Wednesday, May 1, 2013

Government Interference in the CBC

Unlike a state broadcaster, the CBC is modeled after the BBC.  These organizations run at arms length from the government and cannot be manipulated by a government without changes in legislation.  This acts as not only a safe-guard against interference by the elected government, but also interference by governmental agencies and departments.

Though I hear lots of complaints (and have for years) about a pro-liberal bias in the CBC, what the Stephen Harper government is now doing is unprecedented.  According to CBC's Facebook update on May 1, 2013, the budget implementation act contains a hidden surprise concerning the CBC.

According to the CBC statement:  

"The new changes would allow the government to directly interfere in the day to day running of the Corporation. At the heart is a plan for direct interference in collective bargaining between the CBC and its employees. The legislation even goes so far as to place a member of the Treasury Board at the bargaining table. CBC's government appointed Board of Directors would now have to seek government approval to reach any agreement with CBC employees."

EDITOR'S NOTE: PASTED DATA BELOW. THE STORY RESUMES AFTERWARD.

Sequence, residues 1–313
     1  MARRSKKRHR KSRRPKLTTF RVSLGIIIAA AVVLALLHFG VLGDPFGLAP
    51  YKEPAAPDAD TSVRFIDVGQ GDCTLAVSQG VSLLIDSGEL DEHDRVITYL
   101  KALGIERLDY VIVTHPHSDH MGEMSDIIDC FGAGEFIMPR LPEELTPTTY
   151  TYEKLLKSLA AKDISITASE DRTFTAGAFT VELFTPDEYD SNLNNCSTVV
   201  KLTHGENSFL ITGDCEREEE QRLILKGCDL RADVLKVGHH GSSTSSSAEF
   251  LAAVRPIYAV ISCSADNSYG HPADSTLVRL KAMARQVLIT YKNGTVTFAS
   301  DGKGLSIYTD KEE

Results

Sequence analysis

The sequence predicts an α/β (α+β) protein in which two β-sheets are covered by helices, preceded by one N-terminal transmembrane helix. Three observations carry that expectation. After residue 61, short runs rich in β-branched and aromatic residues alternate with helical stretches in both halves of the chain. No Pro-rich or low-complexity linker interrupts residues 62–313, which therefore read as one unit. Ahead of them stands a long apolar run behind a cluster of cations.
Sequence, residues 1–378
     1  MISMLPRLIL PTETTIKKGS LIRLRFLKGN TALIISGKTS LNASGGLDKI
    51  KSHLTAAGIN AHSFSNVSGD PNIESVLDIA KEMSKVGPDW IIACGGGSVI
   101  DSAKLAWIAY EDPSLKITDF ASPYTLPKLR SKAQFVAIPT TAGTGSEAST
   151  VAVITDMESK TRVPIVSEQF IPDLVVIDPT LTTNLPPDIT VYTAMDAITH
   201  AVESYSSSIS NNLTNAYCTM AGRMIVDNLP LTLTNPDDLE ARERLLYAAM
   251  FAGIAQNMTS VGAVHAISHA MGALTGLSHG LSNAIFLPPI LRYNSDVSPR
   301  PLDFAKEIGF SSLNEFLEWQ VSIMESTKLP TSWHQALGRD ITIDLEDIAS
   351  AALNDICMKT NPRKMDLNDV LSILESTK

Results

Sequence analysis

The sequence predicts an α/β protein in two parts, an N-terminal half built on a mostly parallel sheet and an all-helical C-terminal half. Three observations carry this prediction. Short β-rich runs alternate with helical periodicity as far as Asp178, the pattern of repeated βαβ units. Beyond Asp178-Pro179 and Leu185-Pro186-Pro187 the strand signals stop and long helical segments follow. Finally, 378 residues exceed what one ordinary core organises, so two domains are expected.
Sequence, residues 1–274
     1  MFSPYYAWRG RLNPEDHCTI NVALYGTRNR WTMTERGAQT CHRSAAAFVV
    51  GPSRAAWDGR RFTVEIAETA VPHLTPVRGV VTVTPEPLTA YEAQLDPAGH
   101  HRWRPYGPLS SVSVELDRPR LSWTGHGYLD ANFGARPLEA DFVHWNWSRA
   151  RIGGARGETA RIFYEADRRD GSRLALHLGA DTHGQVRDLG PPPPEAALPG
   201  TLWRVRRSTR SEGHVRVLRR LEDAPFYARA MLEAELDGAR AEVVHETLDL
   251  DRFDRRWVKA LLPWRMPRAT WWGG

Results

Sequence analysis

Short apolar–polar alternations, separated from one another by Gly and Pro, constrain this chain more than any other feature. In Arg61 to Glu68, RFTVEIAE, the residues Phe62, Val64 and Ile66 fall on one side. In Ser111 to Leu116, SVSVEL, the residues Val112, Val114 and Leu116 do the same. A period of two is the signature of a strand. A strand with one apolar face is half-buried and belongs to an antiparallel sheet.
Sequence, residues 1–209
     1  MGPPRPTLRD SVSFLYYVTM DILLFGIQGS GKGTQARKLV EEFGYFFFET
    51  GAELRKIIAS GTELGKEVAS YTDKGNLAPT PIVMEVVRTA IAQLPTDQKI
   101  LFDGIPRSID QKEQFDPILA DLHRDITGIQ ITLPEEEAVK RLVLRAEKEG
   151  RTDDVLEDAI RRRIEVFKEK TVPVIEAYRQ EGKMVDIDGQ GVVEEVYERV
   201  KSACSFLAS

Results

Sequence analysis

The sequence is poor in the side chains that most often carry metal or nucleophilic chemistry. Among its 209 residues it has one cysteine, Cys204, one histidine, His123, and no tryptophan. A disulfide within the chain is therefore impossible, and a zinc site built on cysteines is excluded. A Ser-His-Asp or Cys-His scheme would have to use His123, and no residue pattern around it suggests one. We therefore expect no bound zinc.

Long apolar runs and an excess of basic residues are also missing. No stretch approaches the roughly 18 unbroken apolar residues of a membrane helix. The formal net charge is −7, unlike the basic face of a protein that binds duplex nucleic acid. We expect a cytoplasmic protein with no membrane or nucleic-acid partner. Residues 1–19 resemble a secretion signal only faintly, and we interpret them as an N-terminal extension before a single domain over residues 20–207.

While this does not directly alter the editorial policy or independence of the CBC, it does allow direct government intervention in the labour relations of the corporation.  By doing that, the government could propose changes to employment agreements which would ensure that the government's goals are carried through by the CBC.  At present, the CBC manages it's own relations in regards to its employees.  This back door change ends that. The CBC statement said that they oppose these changes and will fight them.

This is a government that has repeatedly interfered in the operations of public organizations including forcing employees of companies back to work through legislation.  This government is also the only modern example of a government in a Westminster based system to shut down Parliament in order to avoid censure.  This is also a government who has muzzled government scientists and fired heads of agencies for opposing the government's message of the day.  This is a government that, through the back door in another budget bill, removed protection on hundreds of waterways to speed up development approval and by-pass environmental regulation.

Perhaps some of their changes are justifiable, but making such changes without a full and proper public debate is not justifiable.  Using loopholes in executive power is not an appropriate way to run a government that is supposed to be democratic.

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